While inclusion criteria were imposed at the beginning of the process of data extraction, it is only at this point that exclusion criteria are applied (step 10). This is simply because only when the analysis view has been constructed that the full set of possible exclusion criteria can be addressed. Importantly, exercising exclusion at this point also allows for an assessment of the bias created by the exclusion criteria and examination of the overall rate of utilization of specific excluding events. Examples of those that could be excluded from analysis include: lack of continuous enrollment; inadequate look back and followup periods; or those that had a specific event or technology used in the look-back period that is outside the study design.

The next step (step 11) is the actual analysis and modeling for which the cohort was created. While this can be carried out without the inclusion of the project data scientist, it is usually good to include the data scientist in this stage, especially since one of the first things that is learned is that something else of utility has been left out. Too often it is only on doing the analysis itself that we learn that more information needed to be included.

The final step in the process (step 12) is to use the learning from the analysis for such ends as improved care delivery, enhanced communication of value, or to reformulate the next round of analysis to better target the original study goals.

Case Study – Acute Myeloid Leukemia

To illustrate the rapid prototyping approach in a real world example we constructed a prototypical cohort of patients with Acute Myeloid Leukemia (AML). The sample database had 2.5 million Medicare beneficiaries and consisted of all claims (hospital inpatient, hospital outpatient, skilled nursing and office visits and other providers) for the time period from 2001 through 2006. Understanding that it would be useful to have a reference look back period prior to diagnosis of AML, all claims from 2002 through 2006 were searched for any use of the ICD-9-CM codes 205.0X for acute myeloid leukemia. In this fashion, 3,803 members were identified with at least one AML claim (Step 3). Next all claims for this initial cohort were selected from the 2001 through 2006 data tables (Step 4). This resulted in a starting set of tables with 845,382 claims, averaging 37 claims per subject per year.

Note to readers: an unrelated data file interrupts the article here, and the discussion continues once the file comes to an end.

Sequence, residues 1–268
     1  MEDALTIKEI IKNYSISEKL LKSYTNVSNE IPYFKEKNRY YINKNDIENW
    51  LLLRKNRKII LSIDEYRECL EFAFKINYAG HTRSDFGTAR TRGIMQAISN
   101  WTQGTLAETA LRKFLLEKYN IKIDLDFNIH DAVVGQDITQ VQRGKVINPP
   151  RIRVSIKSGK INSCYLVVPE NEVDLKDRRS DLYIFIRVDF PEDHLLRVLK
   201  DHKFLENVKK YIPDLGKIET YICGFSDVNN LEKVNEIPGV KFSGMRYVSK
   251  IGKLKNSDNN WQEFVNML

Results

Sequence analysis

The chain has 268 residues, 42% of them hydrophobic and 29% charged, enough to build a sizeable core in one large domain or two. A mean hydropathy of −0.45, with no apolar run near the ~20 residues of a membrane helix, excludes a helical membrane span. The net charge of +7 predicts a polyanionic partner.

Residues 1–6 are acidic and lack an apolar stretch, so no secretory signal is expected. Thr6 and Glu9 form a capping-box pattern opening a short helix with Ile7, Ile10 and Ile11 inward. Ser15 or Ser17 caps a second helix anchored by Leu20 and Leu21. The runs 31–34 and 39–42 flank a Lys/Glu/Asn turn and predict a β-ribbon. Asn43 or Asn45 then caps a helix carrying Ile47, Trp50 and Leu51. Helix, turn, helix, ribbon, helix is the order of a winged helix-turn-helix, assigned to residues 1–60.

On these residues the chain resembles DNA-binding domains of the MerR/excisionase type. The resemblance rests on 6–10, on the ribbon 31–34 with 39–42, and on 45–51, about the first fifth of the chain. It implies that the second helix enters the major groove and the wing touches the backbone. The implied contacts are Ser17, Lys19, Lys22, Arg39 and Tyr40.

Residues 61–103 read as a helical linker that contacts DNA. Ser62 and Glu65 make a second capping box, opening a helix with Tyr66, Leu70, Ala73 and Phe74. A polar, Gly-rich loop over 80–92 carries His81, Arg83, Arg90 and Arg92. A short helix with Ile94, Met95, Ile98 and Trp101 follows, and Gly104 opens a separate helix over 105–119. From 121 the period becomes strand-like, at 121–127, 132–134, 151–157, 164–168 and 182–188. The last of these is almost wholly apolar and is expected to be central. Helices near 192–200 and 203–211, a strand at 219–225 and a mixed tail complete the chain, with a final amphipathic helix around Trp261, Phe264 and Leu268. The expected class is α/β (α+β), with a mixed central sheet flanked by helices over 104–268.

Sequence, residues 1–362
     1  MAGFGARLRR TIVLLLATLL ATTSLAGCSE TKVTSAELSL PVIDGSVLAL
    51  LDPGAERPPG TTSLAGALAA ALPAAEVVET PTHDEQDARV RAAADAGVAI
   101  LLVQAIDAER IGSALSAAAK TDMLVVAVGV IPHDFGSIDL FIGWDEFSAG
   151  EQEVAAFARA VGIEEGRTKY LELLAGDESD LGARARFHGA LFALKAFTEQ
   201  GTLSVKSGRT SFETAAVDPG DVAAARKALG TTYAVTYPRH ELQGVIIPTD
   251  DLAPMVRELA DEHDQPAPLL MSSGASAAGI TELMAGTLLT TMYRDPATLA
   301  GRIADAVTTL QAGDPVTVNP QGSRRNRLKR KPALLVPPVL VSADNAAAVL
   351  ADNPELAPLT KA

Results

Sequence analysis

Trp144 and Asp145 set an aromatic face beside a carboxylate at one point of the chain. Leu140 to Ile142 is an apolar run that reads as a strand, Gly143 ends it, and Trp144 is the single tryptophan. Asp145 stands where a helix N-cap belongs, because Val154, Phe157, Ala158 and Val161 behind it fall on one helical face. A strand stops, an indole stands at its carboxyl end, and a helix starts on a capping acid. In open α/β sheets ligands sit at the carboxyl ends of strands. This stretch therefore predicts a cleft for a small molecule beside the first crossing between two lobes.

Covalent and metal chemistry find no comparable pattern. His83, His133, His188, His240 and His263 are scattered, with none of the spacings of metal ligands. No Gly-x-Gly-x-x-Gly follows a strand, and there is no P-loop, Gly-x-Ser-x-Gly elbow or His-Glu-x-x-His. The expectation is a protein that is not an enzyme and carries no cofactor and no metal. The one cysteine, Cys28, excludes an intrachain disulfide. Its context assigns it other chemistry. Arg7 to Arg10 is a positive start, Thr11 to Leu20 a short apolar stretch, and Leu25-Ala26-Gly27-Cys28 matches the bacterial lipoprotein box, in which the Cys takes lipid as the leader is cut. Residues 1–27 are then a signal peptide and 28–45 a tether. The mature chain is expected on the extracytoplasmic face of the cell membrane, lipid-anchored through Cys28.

The chosen index event (step 5) was the first diagnosis of AML and the data was summarized by quarter in keeping with de-identification that removed the exact dates of service. The choice was made to look at the year prior to the first diagnosis of AML and the two years following the first diagnosis, summarizing for the first analysis to the level of yearly events and payments. The year prior to the diagnosis of AML will be used to assess the underlying co-morbid burden that subjects have in addition to AML and understand the association prior health state and survival with AML.

Having identified the index event and structured the prior period and the follow up, the next step (step 7) is to undertake a preliminary exploratory analysis. While a number of complications and comorbidities were expected (neutropenia, pneumonia, and septicemia, for example) the exploratory analysis showed that 20% of subjects had other types of lymphoma in the year prior to AML and that 60% had other lymphomas concurrent with AML during the first year with AML. While it is possible that some of these cases might represent miscoding of either AML or another lymphoma, those with AML plus another type of lymphoma had twice the one-year mortality rate, indicating that it is likely that multiple types of cancer were present at the same time. Exploratory analysis also showed that survival with AML was greatly affected by prior year health state, increasing by 40% from the first to the fourth quartile of prior year health state.